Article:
With chunks of chopped paper and expressionistic slashes of paint, Vladimir Radunsky (Telephone; Hail to Mail) interprets a piece by the late U.S. poet laureate Brodsky about the “discovery” of America.
Brodsky visits an uninhabited section of Earth where land, water and air are in chaos. In the illustrations, Radunsky represents trees as rust-orange stalks capped by roughly circular green and blue bulbs, the land as a slab of fibrous brown paper, and the sky and sea are flat blue with a few white-dot stars or the crude curve of an ocean wave. The first explorers of this nameless terrain have gills or feathers: “petrels” arrive sooner than “settlers,” Brodsky observes.
The poet questions humans’ claim to an ancient and indifferent land; “Nature sat down and picked up her pen/ to make what fish and seagull/ saw a reality: off sailed men/ and made America legal.” Radunsky depicts men of various races against a backdrop of colonial buildings, and in the witty final spread, he pastes a snapshot of Brodsky, a notable immigrant himself, against bristles of paper skyscrapers. This complex effort is the picture book equivalent to improvisational jazz, and its eccentricities may be most appealing to adults. However, when reread with patience, this volume’s chewy rhymes and crunchy visuals will surely bring satisfaction to a younger audience.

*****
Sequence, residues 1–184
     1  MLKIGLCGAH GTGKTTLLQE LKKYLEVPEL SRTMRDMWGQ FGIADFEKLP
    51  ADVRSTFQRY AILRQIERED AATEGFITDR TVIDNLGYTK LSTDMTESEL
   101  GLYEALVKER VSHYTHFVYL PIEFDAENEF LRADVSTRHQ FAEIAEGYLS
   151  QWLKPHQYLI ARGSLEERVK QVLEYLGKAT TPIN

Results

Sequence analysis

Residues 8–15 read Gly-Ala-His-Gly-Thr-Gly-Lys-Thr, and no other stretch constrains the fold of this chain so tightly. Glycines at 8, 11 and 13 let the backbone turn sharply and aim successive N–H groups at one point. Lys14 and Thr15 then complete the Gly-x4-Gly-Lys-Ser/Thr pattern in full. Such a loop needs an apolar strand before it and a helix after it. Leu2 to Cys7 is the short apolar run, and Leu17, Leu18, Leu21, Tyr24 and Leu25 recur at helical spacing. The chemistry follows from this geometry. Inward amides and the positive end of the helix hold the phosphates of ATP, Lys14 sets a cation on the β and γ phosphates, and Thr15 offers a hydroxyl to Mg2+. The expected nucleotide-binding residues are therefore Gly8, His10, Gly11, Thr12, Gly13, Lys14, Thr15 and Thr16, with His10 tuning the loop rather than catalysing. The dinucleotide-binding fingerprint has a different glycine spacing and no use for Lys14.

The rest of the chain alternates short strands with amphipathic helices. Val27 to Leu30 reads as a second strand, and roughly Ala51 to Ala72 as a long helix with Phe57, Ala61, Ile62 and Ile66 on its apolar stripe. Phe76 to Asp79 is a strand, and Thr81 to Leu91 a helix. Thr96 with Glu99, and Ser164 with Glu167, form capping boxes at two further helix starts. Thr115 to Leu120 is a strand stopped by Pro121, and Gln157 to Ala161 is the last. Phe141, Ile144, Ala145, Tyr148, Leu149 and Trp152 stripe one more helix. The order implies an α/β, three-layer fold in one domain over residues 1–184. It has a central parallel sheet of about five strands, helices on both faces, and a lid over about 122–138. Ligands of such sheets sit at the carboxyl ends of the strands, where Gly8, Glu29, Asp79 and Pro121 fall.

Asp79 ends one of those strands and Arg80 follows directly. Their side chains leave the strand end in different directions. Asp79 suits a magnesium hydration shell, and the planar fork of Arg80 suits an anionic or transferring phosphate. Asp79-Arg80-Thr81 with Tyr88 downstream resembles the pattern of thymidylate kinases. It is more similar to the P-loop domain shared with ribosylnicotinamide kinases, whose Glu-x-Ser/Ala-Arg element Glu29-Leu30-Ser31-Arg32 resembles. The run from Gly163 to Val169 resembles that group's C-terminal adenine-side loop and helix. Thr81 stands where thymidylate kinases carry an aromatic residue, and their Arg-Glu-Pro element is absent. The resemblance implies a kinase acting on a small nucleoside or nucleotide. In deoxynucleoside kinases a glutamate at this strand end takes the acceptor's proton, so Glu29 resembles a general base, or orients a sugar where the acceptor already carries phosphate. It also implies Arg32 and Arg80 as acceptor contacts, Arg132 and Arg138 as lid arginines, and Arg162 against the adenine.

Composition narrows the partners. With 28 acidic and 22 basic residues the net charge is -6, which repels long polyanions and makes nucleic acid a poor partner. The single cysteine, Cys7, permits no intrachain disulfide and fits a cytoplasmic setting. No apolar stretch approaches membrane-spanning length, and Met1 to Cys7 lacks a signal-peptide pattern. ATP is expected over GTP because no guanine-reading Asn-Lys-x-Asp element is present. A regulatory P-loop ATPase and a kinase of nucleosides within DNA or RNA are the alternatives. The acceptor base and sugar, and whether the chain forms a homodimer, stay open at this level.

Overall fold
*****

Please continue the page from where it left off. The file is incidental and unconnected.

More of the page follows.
All ages. (Oct.)
From Publishers Weekly
Copyright 1999 Reed Business Information, Inc.
About the author
Joseph Brodsky (1940-1996) was one of the great poets of the twentieth century. Among his most famous books are A Part of Speech, Less Than One, and To Urania. He was awarded the Nobel Prize in Literature in 1987, and in 1991–92 served as U.S. Poet Laureate.
Vladimir Radunsky is the accomplished illustrator of numerous books for children, including Bill Martin, Jr.’s The Maestro Plays. He lives in New Jersey.